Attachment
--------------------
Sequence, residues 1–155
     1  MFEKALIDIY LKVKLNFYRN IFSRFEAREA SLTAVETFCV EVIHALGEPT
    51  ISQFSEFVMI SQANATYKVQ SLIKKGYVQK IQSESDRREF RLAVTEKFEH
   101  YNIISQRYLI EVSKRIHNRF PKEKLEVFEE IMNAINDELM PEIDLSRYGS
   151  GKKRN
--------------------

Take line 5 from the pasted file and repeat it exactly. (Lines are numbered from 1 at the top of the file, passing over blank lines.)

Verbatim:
   151  GKKRN